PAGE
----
ALBERT Southern was one of Bulli’s favourite sons. He played an active part in the industrial, political, business and civic life of the northern Illawarra for almost 40 years last century, and was held in the highest esteem by the community.
Albert served with distinction on the Bulli Shire Council for six years, first elected in 1922 and was one of the first two Labor aldermen elected to the shire.
In 1926, when he was shire president, he entertained vice royalty when the State Governor (Sir Dudley de Chair) and his wife visited Bulli.
Albert was also a director of the Woonona Co-operative Society for 35 years and was president of the board for an unbroken period of 30 years, retiring in 1951 owing to ill health.
In the course of a life dedicated to his community, Albert held at various times the following offices:- vice-president of Bulli Hospital Board, president of Bulli Woonona Labour League, president and delegate of Old Bulli Miners’ Lodge, and member of Bulli Progress Association.
Albert was also a musician, and was president and treasurer of the Woonona Bulli Town Band for many years. An active bandsman he ‘played home’ every local returned soldier from the Great War. His granddaughter, Elizabeth Kingston wrote:
“Our brave soldiers were heading home from WW1, many injured and many more traumatised. This should have been a joyous time, instead Australia was dealing with the Spanish Flu. The Illawarra residents were living in fear! It was normal for the local Town Band to herald the soldiers from the train and their loved ones to gather in mass at stations such as Bulli. The Bulli Town Band was set to welcome the heroes home at Bulli Station, but most of the band members were too worried & scared about the Spanish Flu so one by one they dropped out. Albert Southern, my grandfather was unable to go to war because he had a glass eye, but was determined to be there, because these young men fought for our country and he was so grateful for what they did. So he took his cornet and like the lone piper played with gusto and welcomed them home. My grandfather, while not a war hero was held in such regard by the community. Within a few years he was elected as the first Labor Alderman of the Shire of Bulli and in 1925 became President of the Shire.”
Born in Aspull, Lanchashire England on October 17 in 1882, only a few miles from Rochdale, home of the famous co-operative pioneers, it was no wonder Albert Southern was so dedicated to the movement. There he worked in the coal mines of Wigan,.
Albert married Mary Ann Mercer and they had two children, Winifred and Hylda before the young family decided on a move to New Zealand to improve Mary Ann’s health in 1912.
While in New Zealand, Albert had an eye shot out by a nephew with a daisy air gun, an accident that would prevent him from fighting in the Great War.
The family sailed to Australia at the end of 1913 and they took up residence in Hopetoun Street Bulli. Later, Albert built a house across the road from where they were living in Hopetoun Street and the family moved there in 1922. Albert’s great granddaughter and her family still call that house home to this day.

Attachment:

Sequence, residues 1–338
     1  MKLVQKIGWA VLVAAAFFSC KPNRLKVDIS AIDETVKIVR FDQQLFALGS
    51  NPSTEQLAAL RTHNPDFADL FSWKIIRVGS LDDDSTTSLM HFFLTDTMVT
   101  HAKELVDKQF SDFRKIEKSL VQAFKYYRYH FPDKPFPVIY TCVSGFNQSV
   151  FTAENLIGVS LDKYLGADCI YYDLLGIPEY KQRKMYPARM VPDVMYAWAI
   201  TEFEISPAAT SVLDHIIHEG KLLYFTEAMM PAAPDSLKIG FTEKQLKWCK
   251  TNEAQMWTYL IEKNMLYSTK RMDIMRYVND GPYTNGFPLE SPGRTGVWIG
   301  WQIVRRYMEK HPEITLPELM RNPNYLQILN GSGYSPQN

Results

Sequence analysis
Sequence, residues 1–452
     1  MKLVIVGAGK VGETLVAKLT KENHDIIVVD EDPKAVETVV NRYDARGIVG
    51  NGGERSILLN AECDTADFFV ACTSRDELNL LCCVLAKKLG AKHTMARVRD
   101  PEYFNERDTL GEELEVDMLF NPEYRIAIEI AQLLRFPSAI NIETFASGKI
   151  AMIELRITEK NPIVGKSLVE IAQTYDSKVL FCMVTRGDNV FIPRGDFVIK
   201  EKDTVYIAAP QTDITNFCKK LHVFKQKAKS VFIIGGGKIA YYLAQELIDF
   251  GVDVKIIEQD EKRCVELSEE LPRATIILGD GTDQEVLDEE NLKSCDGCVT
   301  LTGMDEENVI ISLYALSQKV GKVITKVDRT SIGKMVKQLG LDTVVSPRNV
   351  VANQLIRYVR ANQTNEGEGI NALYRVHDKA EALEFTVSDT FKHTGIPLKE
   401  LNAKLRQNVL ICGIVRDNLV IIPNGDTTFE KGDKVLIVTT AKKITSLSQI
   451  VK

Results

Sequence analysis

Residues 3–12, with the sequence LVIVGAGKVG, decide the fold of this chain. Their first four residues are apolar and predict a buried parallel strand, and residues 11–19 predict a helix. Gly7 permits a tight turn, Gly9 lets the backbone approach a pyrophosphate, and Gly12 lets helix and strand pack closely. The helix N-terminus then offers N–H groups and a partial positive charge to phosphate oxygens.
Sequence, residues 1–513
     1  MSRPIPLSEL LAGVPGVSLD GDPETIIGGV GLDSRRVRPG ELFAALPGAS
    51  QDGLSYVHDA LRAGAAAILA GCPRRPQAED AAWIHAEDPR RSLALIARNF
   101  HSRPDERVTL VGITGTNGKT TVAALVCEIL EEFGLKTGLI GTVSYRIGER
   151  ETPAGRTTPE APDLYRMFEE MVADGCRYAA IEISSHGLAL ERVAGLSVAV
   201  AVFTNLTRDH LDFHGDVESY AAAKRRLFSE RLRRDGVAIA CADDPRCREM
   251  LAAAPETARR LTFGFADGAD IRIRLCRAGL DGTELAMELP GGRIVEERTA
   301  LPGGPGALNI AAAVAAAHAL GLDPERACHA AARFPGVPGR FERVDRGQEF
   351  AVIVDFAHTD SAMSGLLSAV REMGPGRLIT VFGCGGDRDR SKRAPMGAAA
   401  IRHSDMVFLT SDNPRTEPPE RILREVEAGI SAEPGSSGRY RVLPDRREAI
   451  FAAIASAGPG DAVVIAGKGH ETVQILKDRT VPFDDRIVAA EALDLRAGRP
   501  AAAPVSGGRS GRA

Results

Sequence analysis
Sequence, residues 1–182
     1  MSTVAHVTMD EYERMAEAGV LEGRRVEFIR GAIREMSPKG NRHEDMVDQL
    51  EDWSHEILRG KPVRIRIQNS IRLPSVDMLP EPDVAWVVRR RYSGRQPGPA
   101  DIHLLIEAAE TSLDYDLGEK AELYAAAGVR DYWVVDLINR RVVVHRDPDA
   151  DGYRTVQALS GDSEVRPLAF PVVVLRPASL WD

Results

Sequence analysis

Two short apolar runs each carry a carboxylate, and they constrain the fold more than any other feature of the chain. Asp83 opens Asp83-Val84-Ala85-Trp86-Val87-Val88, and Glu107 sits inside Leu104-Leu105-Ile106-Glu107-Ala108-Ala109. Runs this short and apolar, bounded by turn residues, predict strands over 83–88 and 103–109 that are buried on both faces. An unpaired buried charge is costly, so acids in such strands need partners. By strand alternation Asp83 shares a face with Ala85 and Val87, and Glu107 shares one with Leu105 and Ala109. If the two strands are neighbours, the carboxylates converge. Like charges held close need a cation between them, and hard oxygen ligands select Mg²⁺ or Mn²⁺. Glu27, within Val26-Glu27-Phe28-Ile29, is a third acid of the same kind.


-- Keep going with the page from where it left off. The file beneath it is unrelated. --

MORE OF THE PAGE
Albert worked at Old Bulli Colliery from 1914 to 1942, and then for several years, until his retirement from the industry, was a member of the Coal Miners’ Reference Board.
While in Australia, Albert and Mary had two more children, Albert Jnr and Bessie.
Albert Jnr became a police officer in the 1930s, and was said to be “the first native of Bulli to qualify for such position under the new system”.
On Albert’s retirement from the Woonona Co-Operative Society, the South Coast Times reported on April 26 1951:
Mr. Southern, who announced his retirement recently because of failing health, had been president of the society for the record period of 30 years, and a member of the Board of Directors for 35 years. He has been succeeded as president by Mr. Albert Hart, a director of Woonona branch for many years. Mr. Southern was first elected to the Board of Directors of the Co-Operative Society in 1916, and held the office of president continuously from 1921 to 1951. His resignation was accepted with regret and all members of the Board paid eulogistic tribute to his untiring devotion to the principles of co-operation. During his term as president he watched the membership of his society from 1600 to its present figure of well over 6,000 and has worked with five different general managers – J. W. Lamb, J. R. Marley, T. Clark, W. McEllister and, for the last eleven years, Mr. P. Frew.
Albert died at his Hopetoun Street home in October 1951 at the age of 69. His funeral at St Augustine’s Bulli was said to have been attended by most of the population of Woonona and Bulli.
The Austinmer Bridge
SPACE FOR PEDESTRIANS
The new bridge over the creek which crosses the Main Road at Austinmer, near the junction of The Grove, is now completed, and will be declared open in an official manner on Monday afternoon; It is certainly wider than the old structure, but a space of six feet is being reserved on either side for pedestrians, so that in reality the space for vehicular traffic will be only five feet more than formerly.
– Illawarra Mercury, Friday, May 21, 1926
The new bridge over the main South Coast road at Austinmer was also officially opened by Mrs. Albert Southern (wife of the president of the Bulli Shire Council. Mr. W. Davies, M.L.A., and Mrs. Davies were among the speakers.
– The Labor Daily, Thursday, May 27, 1926
- Special thanks to Elizabeth Kingston, granddaughter of Albert and Mary Southern, for photographs and information
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